by Raina Telgemeier
Review copy from NetGalley
[#47 in my 75 book challenge]
Note: This expected publication date for this novel is September 1, 2012.
My students LOVE Raina Telgemeier’s Smile, and ask for similar books constantly. There are very few non-anime graphic novels geared toward girls out there, and even fewer contemporary middle grades graphic novels for girls. Telgemeier knows what she’s doing when she writes in this niche — this book will circulate like hotcakes in any middle school library.
This is the story of Callie, a middle school girl who joins her school drama club as a member of the stage crew for Moon Over Mississippi. While trying to problem solve behind the scenes, Callie is also trying to problem solve her romantic life. She embarrasses herself in front of her crush, falls for her friends, and can’t seem to fine-tune her gaydar. Callie is realistic and likable, so middle school kids will identify with her as she figures things out and finds what she loves.
Quite realistically, many of the characters are somewhere on the GLBT spectrum, even in middle school. I think this was pretty realistic. As a middle school teacher, I’ve known students who were openly gay in middle school and it’s actually quite common. Some other reviews I’ve read criticize the book for being too optimistic about the acceptance of the gay characters. I don’t agree with that criticism. If our main character were a lesbian, I might expect to see her experiencing bullying and teasing. But since the gay characters are secondary character, I fully believe that Callie might not see these negative aspects of their experience. Drama club is probably a relatively open-minded group, and this isn’t really a story about bullying — it’s Callie’s story.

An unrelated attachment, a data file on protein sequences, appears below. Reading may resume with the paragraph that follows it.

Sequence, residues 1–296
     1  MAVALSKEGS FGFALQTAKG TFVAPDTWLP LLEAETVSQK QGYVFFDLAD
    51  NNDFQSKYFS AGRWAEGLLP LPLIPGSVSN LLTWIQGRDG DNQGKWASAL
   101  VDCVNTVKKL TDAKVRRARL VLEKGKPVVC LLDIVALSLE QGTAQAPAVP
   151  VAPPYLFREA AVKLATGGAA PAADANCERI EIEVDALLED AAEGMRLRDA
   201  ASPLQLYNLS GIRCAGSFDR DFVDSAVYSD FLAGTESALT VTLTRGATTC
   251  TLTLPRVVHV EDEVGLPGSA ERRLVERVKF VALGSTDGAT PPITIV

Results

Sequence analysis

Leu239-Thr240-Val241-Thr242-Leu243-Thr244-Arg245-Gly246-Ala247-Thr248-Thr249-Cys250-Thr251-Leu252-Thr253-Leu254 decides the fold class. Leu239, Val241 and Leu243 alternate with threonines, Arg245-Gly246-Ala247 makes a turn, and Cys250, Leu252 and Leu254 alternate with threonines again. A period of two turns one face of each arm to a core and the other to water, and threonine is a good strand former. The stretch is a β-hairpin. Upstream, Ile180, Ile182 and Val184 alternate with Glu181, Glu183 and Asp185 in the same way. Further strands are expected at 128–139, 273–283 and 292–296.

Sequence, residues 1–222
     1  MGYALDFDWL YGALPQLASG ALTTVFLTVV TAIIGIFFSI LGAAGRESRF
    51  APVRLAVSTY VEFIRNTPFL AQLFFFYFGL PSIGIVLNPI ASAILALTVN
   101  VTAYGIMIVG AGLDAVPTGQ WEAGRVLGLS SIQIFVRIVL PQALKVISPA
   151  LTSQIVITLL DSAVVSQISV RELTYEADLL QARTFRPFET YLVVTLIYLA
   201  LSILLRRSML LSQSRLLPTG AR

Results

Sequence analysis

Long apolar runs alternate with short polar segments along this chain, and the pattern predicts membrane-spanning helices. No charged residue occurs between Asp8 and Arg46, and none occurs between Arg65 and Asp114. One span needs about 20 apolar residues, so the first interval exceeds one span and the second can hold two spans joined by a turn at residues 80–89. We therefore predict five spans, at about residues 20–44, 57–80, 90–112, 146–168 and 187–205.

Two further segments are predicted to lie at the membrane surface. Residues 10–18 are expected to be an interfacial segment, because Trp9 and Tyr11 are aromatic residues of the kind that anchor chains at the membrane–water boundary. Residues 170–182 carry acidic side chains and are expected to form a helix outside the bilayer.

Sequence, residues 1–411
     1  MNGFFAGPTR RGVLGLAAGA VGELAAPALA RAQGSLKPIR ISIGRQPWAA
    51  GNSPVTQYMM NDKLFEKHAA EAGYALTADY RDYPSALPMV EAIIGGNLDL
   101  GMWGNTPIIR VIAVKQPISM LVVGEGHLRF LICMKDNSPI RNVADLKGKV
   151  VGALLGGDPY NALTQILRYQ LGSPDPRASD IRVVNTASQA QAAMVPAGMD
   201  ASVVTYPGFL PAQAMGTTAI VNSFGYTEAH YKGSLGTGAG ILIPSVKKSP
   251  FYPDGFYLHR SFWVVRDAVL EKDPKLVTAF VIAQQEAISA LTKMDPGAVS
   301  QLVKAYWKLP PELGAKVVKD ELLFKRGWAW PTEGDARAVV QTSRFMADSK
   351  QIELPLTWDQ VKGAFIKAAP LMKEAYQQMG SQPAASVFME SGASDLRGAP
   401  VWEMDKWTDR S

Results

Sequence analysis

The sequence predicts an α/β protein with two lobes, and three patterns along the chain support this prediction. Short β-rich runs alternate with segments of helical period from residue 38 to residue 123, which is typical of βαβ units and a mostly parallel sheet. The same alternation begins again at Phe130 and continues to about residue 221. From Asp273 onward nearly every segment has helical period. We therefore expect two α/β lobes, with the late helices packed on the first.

FINAL GRADE: A I don’t usually give graphic novels an A, but this one deserved it. It had more depth and realism than some of the others I’ve read. My students will love it, and it’s a quick read for adults interested in graphic novels for girls or books with GLBT characters. I highly recommend buying it for a middle school library or classroom library. This is a really delightful little book!
What do you think of authors including GLBT characters in middle grades novels?